Now, the Pharisees are complaining, and their concerns are very localised. They’re concerned about what Jesus is doing, and what is happening in that room. We could say that their vantage is very narrow. And then Jesus tells his parable, and he refers to the ninety-nine (which we all know is a way of referring to the many), and he infers that they are safe, probably eating well, and comfortable, and then he refers to the one (which we all know is a way of referring to the few), who are lost, alone, and in the wilderness. The ones who feel left out. It seems to me that this is a dig at those few Pharisees in the room. It’s a way of throwing their initially implied question back at them. “Why are you eating with these deplorables?” the Pharisees ask. And then Jesus looks at them, and he smiles, and he says, “instead of being an outsider, there on the edge of the room, attacking, would you rather not be comfortable, be fed, be in fellowship? Instead of you choosing to stand there and define yourself by the anger and the pride that you feel, why not lay that down. I tell you the truth, that when one such as yourself, one who has hitherto hid behind their rightness, and their righteousness, when one like that lays that down to drink wine with me, and break bread with me, that’s when the angels rejoice.” We could see that as interpretation one. An invitation to the Pharisees (or anyone who is Pharisaic) to reevaluate where they are situating themselves, to ask questions of the role they find themselves playing within a community, with a society, to ask if it’s possible for them to step outside of that, or beyond that. And probably none of the Pharisees in that room on that day responded to Jesus’ invitation, but perhaps there was one, who’s heart was softened with time.

‘The Garden of Eden with the Fall of Man’ by Peter Paul Rubens & Jan Brueghel the Elder

Okay, so let’s now come at the parable from another direction. Within Catholic or Calvinistic theology, there is the idea of original sin, or as it’s sometimes termed, ancestral sin. The idea being, as you all know, that since the event known as The Fall, all human beings born are tarnished with the brush of original sin, and thus all are guilty on account of Adam’s sin in Eden. And the liberal Christian, or the Unitarian Christian response has generally been to find that idea as somewhat reprehensible, because that doctrine would obviously suggest that newly born children, whom we tend to think of as intrinsically innocent, are condemned before they’ve done anything wrong. And so, liberals reject that doctrine, wanting to put a strong emphasis on individual agency. Rejecting the doctrine of original sin, however, this not wholly a move made by liberal Christians; the Eastern Orthodox Church rejects the doctrine of original sin, along with the Armenian branch of the reformation movement also rejecting the doctrine. The Eastern Orthodox position would be that since the fall, since Adam took a bite of that forbidden fruit, all of humanity has been intrinsically corrupted, but is not intrinsically guilty, which is a significant difference which I find far more palatable.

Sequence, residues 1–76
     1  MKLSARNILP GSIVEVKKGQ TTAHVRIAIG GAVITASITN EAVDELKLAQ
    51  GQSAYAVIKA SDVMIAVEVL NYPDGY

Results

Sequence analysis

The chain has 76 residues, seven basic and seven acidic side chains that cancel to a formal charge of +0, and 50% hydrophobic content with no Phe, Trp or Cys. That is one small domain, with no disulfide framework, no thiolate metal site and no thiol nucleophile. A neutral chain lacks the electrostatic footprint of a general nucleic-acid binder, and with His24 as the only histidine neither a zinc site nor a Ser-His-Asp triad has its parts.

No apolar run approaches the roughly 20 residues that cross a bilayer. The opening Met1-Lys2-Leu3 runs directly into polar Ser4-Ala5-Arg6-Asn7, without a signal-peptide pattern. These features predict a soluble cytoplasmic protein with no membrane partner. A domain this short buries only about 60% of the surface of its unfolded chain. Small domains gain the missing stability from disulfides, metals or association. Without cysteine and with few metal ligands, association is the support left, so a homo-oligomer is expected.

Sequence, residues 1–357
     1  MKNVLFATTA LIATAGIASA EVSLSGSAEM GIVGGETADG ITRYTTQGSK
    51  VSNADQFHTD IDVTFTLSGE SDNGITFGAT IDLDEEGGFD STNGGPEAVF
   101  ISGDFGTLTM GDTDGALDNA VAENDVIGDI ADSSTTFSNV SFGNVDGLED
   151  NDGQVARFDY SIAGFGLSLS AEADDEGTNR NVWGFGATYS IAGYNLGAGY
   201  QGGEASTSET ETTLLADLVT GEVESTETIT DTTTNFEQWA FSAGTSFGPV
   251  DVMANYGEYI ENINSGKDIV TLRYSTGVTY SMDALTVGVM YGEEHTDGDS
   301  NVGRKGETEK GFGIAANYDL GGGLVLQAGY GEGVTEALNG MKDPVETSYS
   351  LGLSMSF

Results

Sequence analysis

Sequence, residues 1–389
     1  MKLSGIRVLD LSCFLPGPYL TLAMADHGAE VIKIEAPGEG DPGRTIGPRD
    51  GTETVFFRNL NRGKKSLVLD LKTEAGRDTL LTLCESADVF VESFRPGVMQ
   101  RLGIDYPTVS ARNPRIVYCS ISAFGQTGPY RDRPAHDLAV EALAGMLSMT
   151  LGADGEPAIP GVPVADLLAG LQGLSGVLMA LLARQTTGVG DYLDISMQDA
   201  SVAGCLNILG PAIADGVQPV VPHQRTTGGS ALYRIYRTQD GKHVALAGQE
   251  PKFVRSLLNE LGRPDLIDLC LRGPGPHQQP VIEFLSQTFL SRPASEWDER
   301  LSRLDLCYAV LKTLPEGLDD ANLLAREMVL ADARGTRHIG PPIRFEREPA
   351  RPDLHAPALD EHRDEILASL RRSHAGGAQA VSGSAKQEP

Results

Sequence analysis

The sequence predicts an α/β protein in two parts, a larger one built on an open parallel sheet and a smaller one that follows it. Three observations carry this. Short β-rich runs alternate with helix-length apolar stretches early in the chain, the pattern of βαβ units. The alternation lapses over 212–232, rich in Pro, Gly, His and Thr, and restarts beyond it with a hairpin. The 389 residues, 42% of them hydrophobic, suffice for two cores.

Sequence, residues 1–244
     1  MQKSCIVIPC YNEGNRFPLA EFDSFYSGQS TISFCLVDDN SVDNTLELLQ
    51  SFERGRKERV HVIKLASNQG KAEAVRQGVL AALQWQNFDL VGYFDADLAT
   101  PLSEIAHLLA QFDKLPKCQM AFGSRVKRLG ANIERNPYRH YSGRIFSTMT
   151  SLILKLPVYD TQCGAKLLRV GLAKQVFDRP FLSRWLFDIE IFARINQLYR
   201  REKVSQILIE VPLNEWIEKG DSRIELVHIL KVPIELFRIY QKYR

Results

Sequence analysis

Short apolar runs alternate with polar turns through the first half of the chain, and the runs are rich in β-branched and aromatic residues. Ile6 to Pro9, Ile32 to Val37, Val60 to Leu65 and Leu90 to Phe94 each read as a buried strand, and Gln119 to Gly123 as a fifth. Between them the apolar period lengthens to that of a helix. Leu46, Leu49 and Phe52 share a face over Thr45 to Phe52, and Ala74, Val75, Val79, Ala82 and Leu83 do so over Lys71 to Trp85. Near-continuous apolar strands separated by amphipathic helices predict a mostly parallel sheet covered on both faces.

Obviously, all religious language is by nature metaphorical, as far as I’m concerned, so to say I find the Eastern Orthodox position more palatable, is not to say that it’s more true, because, as I’ve said many times before, there is not a truth beyond the veil that we’re trying to get at. All truth is located within the depths of the self. But speaking with the aid of that Christian cosmology, us having intrinsic human corruption makes much more sense to me (than the doctrine of original sin, the doctrine of intrinsic guilt). How does the story go? Adam and Eve were in Eden, and there they enjoyed a direct, unmediated relationship with the divine, and then that Edenic set of affairs was broken. And this can be linked with primitive humanity’s unadulterated relationship with nature. Once, mythologically, there was a perfect unity between humanity and God, between humanity and nature, but no more. It's been severed. Now we grow up in a world in which we are by default alienated, alone, and disconnected from our spiritual home and nature. Now, I don’t tend to use the language of sin much; it feels like an archaic way of framing things. Especially, as to talk about sin tends to rely upon the ‘I - thou’ orientation. Me and the ‘thou’ which I’m sinning against. And I don’t tend to think in those terms. But we can proceed hypothetically.

What is Sin? You could think of sin as breaking God’s commandments – thou shall not, whatever, steal, kill, etc., and if you do, that’s sin. That’s one way of looking at it. Another way to think of sin is in relational terms – when you’re not in relationship with God, not only do you break his precepts, you also don’t act in the world as he would ideally have you act, which is what is often termed ‘sins of omission’. Sins of omission have to do with relationship. If you’re not in tune, in harmony, in possession of a knowledge of the divine, then how could you possibly know what acting in the world in accord with God would look like? You wouldn’t be able to discern your divinely appointed destiny, calling or purpose. And so, in this sense, we are all in a state of sin. We are all sinners, the sinners which Jesus refers to in his parable, because we are all alienated from the divine. We have all lost that conscious awareness of our place in the universe. Given this then, it’s quite strange that Jesus frames the parable in the way that he does, making the 99, the vast majority, the ones who are seemingly in right relationship, comfortable, and found, and therefore (we presume) where they should be. Being looked over by the shepherd – the symbol of God.